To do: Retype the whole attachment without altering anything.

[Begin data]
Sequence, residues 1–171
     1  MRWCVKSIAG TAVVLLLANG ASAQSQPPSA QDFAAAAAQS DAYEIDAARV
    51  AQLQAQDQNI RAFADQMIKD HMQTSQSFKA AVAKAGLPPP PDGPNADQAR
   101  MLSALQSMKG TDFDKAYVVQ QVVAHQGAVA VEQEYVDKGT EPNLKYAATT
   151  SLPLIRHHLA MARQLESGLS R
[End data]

Sequence, residues 1–171
     1  MRWCVKSIAG TAVVLLLANG ASAQSQPPSA QDFAAAAAQS DAYEIDAARV
    51  AQLQAQDQNI RAFADQMIKD HMQTSQSFKA AVAKAGLPPP PDGPNADQAR
   101  MLSALQSMKG TDFDKAYVVQ QVVAHQGAVA VEQEYVDKGT EPNLKYAATT
   151  SLPLIRHHLA MARQLESGLS R